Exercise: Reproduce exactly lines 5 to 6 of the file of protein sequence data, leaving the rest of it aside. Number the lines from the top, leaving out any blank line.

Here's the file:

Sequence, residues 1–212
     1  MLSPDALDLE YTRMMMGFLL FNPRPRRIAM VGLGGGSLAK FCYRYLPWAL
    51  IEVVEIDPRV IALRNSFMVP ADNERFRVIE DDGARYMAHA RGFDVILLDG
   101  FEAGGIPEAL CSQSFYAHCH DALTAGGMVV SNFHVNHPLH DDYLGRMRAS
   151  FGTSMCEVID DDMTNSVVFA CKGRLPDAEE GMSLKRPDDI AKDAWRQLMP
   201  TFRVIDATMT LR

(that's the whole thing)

   151  FGTSMCEVID DDMTNSVVFA CKGRLPDAEE GMSLKRPDDI AKDAWRQLMP
   201  TFRVIDATMT LR